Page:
The 2017 Philippines National Demographic and Health Survey (NDHS 2017) is a nationwide survey with a nationally representative sample of approximately 30,832 housing units. The primary objective of the survey is to provide up-to-date estimates of basic demographic and health indicators. Specifically, the NDHS 2017 collected information on marriage, fertility levels, fertility preferences, awareness and use of family planning methods, breastfeeding, maternal and child health, child mortality, awareness and behavior regarding HIV/AIDS, women’s empowerment, domestic violence, and other health-related issues such as smoking.
The information collected through the NDHS 2017 is intended to assist policymakers and program managers in the Department of Health (DOH) and other organizations in designing and evaluating programs and strategies for improving the health of the country’s population.
Kind of data
Sample survey data [ssd]
The data dictionary was generated from hierarchical data that was downloaded from the The DHS Program website (http://dhsprogram.com).
Unit of analysis
- Children age 0-5
- Woman age 15-49
The survey covered all de jure household members (usual residents) and all women age 15-49 years resident in the sample household.
Producers and sponsors
Philippines Statistics Authority (PSA)
Government of Philippines
The DHS Program
Provided technical assistance through The DHS Program
Government of Philippines
Funded the survey
United States Agency for International Development
Funded the survey
The sampling scheme provides data representative of the country as a whole, for urban and rural areas separately, and for each of the country’s administrative regions. The sample selection methodology for the NDHS 2017 is based on a two-stage stratified sample design using the Master Sample Frame (MSF), designed and compiled by the PSA. The MSF is constructed based on the results of the 2010 Census of Population and Housing and updated based on the 2015 Census of Population. The first stage involved a systematic selection of 1,250 primary sampling units (PSUs) distributed by province or HUC. A PSU can be a barangay, a portion of a large barangay, or two or more adjacent small barangays.
In the second stage, an equal take of either 20 or 26 sample housing units were selected from each sampled PSU using systematic random sampling. In situations where a housing unit contained one to three households, all households were interviewed. In the rare situation where a housing unit contained more than three households, no more than three households were interviewed. The survey interviewers were instructed to interview only the pre-selected housing units. No replacements and no changes of the preselected housing units were allowed in the implementing stage in order to prevent bias. Survey weights were calculated, added to the data file, and applied so that weighted results are representative estimates of indicators at the regional and national levels.
All women age 15-49 who were either permanent residents of the selected households or visitors who stayed in the households the night before the survey were eligible to be interviewed. Among women eligible for an individual interview, one woman per household was selected for a module on domestic violence.
For further details on sample design, see Appendix A of the final report.
A total of 31,791 households were selected for the sample, of which 27,855 were occupied. Of the occupied households, 27,496 were successfully interviewed, yielding a response rate of 99%. In the interviewed households, 25,690 women age 15-49 were identified for individual interviews; interviews were completed with 25,074 women, yielding a response rate of 98%.
The household response rate is slightly lower in urban areas than in rural areas (98% and 99%, respectively); however, there is no difference by urban-rural residence in response rates among women (98% for each).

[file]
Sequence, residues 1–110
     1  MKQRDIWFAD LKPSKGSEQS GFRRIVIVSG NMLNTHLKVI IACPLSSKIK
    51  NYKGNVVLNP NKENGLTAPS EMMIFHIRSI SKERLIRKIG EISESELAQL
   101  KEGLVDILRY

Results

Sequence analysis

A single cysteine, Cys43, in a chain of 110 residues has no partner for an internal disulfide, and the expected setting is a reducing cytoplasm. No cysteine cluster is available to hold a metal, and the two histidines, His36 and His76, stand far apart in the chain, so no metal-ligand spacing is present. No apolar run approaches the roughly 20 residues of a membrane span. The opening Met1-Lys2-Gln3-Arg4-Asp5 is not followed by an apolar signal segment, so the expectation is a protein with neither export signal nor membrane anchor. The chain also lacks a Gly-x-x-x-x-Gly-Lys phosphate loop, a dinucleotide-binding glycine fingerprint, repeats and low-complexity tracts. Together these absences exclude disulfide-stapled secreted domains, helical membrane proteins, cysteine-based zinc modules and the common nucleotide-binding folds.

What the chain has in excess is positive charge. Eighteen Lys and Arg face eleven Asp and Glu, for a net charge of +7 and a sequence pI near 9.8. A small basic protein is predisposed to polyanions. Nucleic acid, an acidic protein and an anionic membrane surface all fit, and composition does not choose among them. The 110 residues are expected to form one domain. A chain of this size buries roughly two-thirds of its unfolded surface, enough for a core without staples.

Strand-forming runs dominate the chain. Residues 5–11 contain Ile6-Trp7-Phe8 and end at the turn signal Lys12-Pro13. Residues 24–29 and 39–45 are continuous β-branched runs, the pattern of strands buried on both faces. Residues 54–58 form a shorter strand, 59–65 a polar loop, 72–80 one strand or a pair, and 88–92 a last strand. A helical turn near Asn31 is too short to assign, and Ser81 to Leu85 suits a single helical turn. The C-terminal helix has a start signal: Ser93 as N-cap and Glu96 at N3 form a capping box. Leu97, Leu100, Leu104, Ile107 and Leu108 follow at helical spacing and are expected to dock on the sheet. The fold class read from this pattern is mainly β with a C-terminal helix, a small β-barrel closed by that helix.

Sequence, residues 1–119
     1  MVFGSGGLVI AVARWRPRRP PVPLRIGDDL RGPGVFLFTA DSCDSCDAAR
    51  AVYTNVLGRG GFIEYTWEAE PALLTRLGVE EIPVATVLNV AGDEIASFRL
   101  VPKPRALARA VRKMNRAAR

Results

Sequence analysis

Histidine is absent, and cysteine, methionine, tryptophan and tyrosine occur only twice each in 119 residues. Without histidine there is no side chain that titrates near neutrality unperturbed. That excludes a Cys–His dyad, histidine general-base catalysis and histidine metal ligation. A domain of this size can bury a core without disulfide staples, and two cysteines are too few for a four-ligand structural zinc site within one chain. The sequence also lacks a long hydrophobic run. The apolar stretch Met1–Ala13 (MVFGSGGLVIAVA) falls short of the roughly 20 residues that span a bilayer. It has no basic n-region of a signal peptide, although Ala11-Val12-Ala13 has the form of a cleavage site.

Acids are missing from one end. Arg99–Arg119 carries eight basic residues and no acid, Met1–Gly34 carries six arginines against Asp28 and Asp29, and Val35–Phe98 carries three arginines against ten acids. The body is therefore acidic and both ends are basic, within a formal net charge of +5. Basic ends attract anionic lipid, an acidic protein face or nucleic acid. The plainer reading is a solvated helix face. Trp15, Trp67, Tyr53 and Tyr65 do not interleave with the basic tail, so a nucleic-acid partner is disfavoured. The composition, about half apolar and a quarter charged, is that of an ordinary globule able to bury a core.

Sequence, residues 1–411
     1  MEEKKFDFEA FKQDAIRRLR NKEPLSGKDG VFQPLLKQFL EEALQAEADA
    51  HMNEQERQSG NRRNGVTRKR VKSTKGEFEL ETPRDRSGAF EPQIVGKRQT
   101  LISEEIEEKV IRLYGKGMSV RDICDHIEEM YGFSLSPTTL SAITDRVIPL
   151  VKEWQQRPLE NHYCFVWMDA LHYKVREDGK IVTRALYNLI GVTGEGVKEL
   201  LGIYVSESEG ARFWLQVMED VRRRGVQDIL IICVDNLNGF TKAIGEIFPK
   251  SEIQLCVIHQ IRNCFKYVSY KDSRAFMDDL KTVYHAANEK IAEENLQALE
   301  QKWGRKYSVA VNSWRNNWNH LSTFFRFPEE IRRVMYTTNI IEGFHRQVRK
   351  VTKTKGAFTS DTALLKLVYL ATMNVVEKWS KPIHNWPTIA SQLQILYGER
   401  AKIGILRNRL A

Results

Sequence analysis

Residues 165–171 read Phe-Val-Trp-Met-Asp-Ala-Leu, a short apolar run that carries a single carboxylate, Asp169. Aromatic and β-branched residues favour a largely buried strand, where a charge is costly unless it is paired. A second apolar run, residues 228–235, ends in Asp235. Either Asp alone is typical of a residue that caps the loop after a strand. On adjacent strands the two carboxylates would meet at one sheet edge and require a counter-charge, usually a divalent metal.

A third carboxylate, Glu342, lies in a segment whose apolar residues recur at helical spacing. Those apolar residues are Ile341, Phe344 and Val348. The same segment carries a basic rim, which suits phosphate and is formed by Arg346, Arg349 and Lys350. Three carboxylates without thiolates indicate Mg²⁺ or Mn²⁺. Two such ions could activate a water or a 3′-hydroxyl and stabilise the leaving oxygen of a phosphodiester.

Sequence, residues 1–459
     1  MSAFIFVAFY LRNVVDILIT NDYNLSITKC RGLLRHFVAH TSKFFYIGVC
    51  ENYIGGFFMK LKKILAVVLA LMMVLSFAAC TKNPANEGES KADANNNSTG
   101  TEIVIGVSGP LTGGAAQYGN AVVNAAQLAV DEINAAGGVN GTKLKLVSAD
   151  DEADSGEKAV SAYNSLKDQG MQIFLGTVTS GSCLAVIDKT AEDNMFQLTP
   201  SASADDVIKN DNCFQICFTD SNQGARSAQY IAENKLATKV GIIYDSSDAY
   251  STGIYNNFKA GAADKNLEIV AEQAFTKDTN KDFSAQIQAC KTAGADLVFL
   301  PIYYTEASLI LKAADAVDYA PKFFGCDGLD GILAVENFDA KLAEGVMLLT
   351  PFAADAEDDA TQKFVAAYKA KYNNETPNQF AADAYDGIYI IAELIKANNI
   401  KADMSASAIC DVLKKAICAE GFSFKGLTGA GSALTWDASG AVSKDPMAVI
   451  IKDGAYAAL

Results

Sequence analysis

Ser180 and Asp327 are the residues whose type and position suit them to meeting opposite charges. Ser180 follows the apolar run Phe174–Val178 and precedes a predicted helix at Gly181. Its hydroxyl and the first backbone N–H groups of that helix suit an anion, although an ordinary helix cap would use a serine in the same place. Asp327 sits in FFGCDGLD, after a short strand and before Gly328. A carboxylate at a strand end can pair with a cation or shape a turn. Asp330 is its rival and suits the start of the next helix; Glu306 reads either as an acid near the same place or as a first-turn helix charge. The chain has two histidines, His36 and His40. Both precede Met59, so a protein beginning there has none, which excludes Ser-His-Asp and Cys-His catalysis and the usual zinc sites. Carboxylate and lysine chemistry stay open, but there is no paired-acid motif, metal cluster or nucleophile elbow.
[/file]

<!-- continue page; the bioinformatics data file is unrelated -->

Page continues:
The design weight was adjusted for household non-response and individual non-response to get the sampling weights for households and for women, respectively. Non-response is adjusted at the sampling stratum level. For the household sampling weight, the household design weight is multiplied by the inverse of the household response rate, by stratum. For the women’s individual sampling weight, the household sampling weight is multiplied by the inverse of the women’s individual response rate, by stratum. After adjusting for non-response, the sampling weights are normalized to get the final standard weights that appear in the data files. The normalization process is done to obtain a total number of unweighted cases equal to the total number of weighted cases at the national level, for the total number of households and women. Normalization is done by multiplying the sampling weight by the estimated sampling fraction obtained from the survey for the household weight and the individual woman’s weight. The normalized weights are relative weights which are valid for estimating means, proportions, ratios, and rates, but are not valid for estimating population totals or for pooled data.
Dates of collection
Mode of data collection
Two questionnaires were used for the NDHS 2017: the Household Questionnaire and the Woman’s Questionnaire. Both questionnaires, based on The DHS Program’s standard Demographic and Health Survey (DHS-7) questionnaires, were adapted to reflect the population and health issues relevant to the Philippines. Input was solicited from various stakeholders representing government agencies, universities, and international agencies.
The Philippines Statistics Authority
Government of Philippines
The processing of the NDHS 2017 data began almost as soon as fieldwork started. As data collection was completed in each PSU, all electronic data files were transferred via an Internet file streaming system (IFSS) to the PSA central office in Quezon City. These data files were registered and checked for inconsistencies, incompleteness, and outliers. The field teams were alerted to any inconsistencies and errors while still in the PSU. Secondary editing involved resolving inconsistencies and the coding of openended questions; the former was carried out in the central office by a senior data processor, while the latter was taken on by regional coordinators and central office staff during a 5-day workshop following the completion of the fieldwork. Data editing was carried out using the CSPro software package. The concurrent processing of the data offered a distinct advantage, because it maximized the likelihood of the data being error-free and accurate. Timely generation of field check tables allowed for more effective monitoring. The secondary editing of the data was completed by November 2017. The final cleaning of the data set was carried out by data processing specialists from The DHS Program by the end of December 2017.